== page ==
Those differences are regional, though, so don't get your hopes up for having much of a choice on the matter. U.S. get the worst possible combo: 4 GB RAM and 64 GB storage. The rest of the world gets an upgrade to 6 GB of RAM, while China also gets the increased storage. However, all versions of the device will have an SD card slot.
But while the Z2 Force Edition is an upgrade over the Z Force in most aspects, there's one particularly weak point many people won't be happy with. The Z2 Force Edition sports a 2730 mAh battery, which is low by flagship standards, and even lower when compared to the Z Force's 3,500 mAh one. Curiously enough, Moto nevertheless insists on calling it an "all day battery."
Following the 2017 trend of dual-camera smartphones, the Z2 Force Edition comes equipped with a module of its own, which can be found on the rear, right inside the iconic circular camera bump. It's of the monochrome-color variety, the same idea as in the Huawei P10, for example.
Its resolution looks like a downgrade on paper: both sensors are 12 MP, instead of the Z Force's 21 MP. However, this could mean the actual sensors are larger in size, and thus can take in more light (which would increase image quality), though it remains to be seen how they'll perform in real life. On the back you'll also find the same dual LED and laser autofocus as on the device's predecessor, though.
And as one might expect from a dual camera, there's a portrait mode for that perfect artsy shot, but you can also use it to capture native black-and-white photos, HDR, and more. And we expect to see some fairly good photos come out from this camera: both sensors are Sony's IMX386, the same as the ones found inside the Xiaomi Mi 6.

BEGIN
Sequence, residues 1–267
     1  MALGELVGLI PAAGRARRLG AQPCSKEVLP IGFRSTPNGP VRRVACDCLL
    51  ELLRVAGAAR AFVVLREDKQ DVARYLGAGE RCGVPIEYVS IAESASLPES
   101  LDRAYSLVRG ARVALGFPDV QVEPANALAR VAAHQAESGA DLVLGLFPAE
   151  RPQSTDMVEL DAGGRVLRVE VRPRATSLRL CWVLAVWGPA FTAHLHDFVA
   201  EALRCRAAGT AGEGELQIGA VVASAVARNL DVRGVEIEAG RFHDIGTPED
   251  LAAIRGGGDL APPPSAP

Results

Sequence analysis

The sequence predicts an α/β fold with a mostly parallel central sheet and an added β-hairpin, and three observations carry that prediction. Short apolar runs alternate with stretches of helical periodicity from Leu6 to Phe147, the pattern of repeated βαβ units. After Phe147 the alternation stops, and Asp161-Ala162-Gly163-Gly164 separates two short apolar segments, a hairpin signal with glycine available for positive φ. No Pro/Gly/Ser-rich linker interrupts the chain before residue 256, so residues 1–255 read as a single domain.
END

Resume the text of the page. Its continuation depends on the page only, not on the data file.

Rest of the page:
As for the front camera, it's still a 5 MP shooter, but this time its front flash has been upgraded to a dual module as well — great news for those who love taking selfies in the dark.
But it's not all old mods that you can use with the device, though: Lenovo actually introduced a brand new mod as well, the Moto 360 Camera. It looks to be pretty similar to what Essential showed off a couple of months back, but in the form of a snappable shell.
The Z2 Force Edition is powered by Android 7.1.1 out of the box , which is pretty good when compared to someone like Samsung, who is yet to update the Galaxy S8 to the latest Nougat version.
Moto isn't exactly known for its overly bloated devices — unless you're on a carrier, of course — and we expect to see the same thing with the Z2 Force Edition as well. However, with Lenovo having a new (concept) AI assistant on the horizon, we expect it to eventually make its way to the brand new flagship.
Unlike its predecessor, the new Z2 Force Edition will be available from all four major carriers in the United States. This should be great news for consumers unwilling to switch carriers, and also means we won't be seeing a return to the unnecessary Verizon-only Droid branding like last year's Moto Z Droid and Z Force Droid.
And lastly, the Z2 Force Edition will come in three color options: Super Black, Fine Gold, and Lunar Grey, though the last one will be a T-Mobile Exclusive.